Consensus abstraction means that the consensus process is lightweight and can be completed asynchronously on Wormhole’s peer-to-peer network. The end result is that transactions have a high throughput. Moreover, Wormhole can relay signed messages to another connected chain. And if present, the chain will execute any custom application logic.
Wormhole’s speed also introduces low latency. Its asynchronous single-round consensus design allows it to transfer information to any blockchain with minimal delay. The team claims their network is almost on-par with Solana’s high TPS count.
Last, but not least, Wormhole is fully extensible and upgradeable. The network can connect to a new chain through a simple governance process. The protocol’s main contracts can also receive upgrades as long as the proposal meets a supermajority.
The Guardian network is a diverse set of node operators and validators, most of which are reputable staking services with existing track records. The network has 19 Guardians in total, some of which include:
Wormhole’s main product is a bridge app built on top of its messaging network. The app allows users to send assets between Ethereum, Solana, Terra, Binance Smart Chain, and Polygon. After sending tokens from one chain to another, the user mints a Wormhole wrapped asset that they can exchange on various markets. Apart from standard cryptocurrencies, users can also send non-fungible tokens.
Wormhole is highly liquid. After running for nearly five-months, the protocol has reached a TVL (total value locked) of nearly one billion dollars. A majority of the capital comes from Terra and Ethereum. The recent FTX integration and Binance Smart Chain (BSC) integration significantly contributed to the rise of this bridging product.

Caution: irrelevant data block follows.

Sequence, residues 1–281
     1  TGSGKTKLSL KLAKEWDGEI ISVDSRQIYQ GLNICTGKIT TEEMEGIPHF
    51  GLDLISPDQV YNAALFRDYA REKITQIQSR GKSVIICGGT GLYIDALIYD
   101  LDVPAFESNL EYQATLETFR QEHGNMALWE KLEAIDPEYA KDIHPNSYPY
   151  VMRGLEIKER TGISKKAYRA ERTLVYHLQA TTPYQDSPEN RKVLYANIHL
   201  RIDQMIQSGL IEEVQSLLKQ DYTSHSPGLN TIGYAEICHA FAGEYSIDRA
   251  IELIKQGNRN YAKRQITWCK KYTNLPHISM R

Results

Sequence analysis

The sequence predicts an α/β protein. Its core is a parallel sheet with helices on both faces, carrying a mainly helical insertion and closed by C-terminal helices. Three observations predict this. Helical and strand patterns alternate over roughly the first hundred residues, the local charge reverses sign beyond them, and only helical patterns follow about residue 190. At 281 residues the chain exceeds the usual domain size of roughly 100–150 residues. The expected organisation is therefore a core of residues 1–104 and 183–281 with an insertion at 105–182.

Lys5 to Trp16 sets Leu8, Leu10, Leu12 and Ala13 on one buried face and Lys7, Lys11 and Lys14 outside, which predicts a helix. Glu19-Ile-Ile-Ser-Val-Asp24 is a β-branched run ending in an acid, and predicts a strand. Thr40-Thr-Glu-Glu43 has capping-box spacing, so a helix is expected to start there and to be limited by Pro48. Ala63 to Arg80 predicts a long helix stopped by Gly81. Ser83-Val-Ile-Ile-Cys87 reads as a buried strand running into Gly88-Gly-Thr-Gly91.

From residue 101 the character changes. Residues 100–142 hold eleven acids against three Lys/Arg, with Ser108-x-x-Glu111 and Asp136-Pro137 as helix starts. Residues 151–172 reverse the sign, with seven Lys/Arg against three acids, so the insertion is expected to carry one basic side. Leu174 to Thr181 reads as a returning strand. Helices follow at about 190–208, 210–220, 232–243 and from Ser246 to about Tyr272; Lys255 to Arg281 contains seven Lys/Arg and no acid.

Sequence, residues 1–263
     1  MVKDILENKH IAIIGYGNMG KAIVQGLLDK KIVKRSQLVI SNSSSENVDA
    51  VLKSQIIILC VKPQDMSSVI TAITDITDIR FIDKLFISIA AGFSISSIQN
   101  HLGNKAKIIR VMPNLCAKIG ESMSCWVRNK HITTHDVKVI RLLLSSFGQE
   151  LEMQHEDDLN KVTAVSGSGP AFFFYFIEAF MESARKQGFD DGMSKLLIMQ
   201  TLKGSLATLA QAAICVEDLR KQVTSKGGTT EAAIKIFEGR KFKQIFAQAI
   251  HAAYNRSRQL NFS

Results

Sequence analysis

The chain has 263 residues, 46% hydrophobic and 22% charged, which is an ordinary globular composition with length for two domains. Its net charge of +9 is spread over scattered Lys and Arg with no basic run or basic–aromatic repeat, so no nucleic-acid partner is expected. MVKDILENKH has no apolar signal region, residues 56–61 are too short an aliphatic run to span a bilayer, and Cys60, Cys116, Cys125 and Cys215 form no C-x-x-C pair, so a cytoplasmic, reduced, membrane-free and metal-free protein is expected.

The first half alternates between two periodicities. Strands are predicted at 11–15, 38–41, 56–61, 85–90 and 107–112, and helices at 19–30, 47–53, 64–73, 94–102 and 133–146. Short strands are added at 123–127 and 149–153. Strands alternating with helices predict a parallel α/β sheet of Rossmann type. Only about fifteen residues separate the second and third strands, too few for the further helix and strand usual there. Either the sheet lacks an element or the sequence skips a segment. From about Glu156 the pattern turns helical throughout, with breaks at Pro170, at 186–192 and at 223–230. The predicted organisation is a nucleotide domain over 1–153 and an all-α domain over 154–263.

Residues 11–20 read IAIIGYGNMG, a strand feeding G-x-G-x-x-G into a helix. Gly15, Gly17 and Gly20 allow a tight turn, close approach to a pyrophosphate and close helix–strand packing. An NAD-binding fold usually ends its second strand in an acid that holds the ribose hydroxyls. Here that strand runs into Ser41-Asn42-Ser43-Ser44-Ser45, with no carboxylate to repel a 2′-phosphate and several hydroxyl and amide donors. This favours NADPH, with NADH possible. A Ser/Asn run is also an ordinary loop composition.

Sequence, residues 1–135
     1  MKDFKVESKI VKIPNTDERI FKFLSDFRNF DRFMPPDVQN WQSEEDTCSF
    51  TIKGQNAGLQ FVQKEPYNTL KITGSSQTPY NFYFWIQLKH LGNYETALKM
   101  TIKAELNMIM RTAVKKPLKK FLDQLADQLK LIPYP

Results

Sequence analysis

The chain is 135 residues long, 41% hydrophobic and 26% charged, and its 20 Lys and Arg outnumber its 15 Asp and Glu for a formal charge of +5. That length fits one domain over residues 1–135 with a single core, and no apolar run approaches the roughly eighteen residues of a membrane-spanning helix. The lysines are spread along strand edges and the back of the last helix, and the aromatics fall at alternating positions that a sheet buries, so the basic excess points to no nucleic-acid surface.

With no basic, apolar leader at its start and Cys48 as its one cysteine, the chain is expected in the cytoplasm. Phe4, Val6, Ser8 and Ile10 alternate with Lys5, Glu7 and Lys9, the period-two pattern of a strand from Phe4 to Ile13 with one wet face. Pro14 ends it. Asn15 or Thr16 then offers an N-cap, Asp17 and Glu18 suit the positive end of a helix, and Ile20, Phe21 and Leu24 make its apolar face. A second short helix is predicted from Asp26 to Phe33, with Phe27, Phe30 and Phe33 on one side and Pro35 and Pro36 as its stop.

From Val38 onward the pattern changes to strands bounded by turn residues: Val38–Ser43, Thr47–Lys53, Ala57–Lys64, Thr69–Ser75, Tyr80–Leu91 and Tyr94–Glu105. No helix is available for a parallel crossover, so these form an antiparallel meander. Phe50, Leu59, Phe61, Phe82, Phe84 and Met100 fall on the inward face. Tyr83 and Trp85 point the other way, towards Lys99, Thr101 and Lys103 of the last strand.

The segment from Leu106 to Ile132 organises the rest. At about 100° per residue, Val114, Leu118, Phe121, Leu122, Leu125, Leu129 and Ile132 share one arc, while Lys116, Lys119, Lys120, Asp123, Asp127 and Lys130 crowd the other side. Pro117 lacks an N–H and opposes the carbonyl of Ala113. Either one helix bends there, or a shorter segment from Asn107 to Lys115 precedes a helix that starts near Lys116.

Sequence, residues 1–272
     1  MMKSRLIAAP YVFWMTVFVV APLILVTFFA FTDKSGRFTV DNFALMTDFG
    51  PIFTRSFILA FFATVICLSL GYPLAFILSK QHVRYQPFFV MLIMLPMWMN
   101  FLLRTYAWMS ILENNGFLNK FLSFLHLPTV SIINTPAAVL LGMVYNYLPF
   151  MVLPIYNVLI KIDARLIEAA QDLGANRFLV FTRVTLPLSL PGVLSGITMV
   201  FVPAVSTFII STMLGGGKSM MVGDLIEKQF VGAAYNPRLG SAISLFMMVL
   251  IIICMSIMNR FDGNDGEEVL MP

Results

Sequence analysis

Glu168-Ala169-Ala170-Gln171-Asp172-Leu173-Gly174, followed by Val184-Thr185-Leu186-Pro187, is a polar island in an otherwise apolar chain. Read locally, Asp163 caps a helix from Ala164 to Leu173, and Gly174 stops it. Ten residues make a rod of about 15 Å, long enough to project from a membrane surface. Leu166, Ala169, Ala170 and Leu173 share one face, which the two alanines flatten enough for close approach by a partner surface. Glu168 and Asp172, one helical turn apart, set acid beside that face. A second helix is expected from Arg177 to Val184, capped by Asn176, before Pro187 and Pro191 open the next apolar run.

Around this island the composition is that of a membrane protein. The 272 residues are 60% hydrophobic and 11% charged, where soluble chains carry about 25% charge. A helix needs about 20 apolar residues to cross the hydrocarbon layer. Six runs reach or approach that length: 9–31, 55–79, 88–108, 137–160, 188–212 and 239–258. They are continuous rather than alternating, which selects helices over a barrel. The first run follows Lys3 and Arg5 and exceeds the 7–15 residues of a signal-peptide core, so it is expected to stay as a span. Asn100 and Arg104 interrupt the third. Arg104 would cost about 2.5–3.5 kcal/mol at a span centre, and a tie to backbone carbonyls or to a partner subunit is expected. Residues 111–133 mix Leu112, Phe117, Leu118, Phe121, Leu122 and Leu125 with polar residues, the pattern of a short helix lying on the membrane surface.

We're happy to announce deposits for wETH and many other @wormholecrypto wrapped assets are live on FTX! 🌉
Processing an enormous amount of money seems like a daunting task for Wormhole, but it is not. All 19 Guardians constantly broadcast messages and facilitate token transfers. Moreover, all nodes support all networks integrated by Wormhole. According to their explorer, the protocol processes an average of 1300 transactions per day.
To begin, select your source chain and target chain. The source chain is the network from which you’re withdrawing assets. The target chain is the network that receives the assets. Make sure to have a wallet for both chains on your web browser before continuing.
After selecting the two networks, connect your wallet and select the token you wish to move. By selecting an asset, a token list will pop up. This list shows a number of tokens and dApps where your token is liquid. For example, Wormhole lists Uniswap as the only liquid market for SOL.
Note: Tokens listed under ‘Other Assets’ do not have a liquidity pool assigned to them. There is no use for these wrapped tokens as there is no liquidity. Make sure to exclusively bridge assets that have a respective liquidity pool. If moving large capital, check the LP’s size.
Next, set the amount you wish to transfer and select a wallet for your target chain. Connect your wallet and approve its use for the Wormhole app.
Hit ‘next’ to go to the next step and click on transfer. Confirm the transfer and then confirm the transaction.
Wait for the transfer to conclude. After it’s done, you will be able to redeem your newly wrapped tokens and finish bridging.
Want to learn more about Wormhole? We recommend the following links:
Marko is a crypto enthusiast who has been involved in the blockchain industry since 2018. When not charting, tweeting on CT, or researching Solana NFTs, he likes to read about psychology, InfoSec, and geopolitics.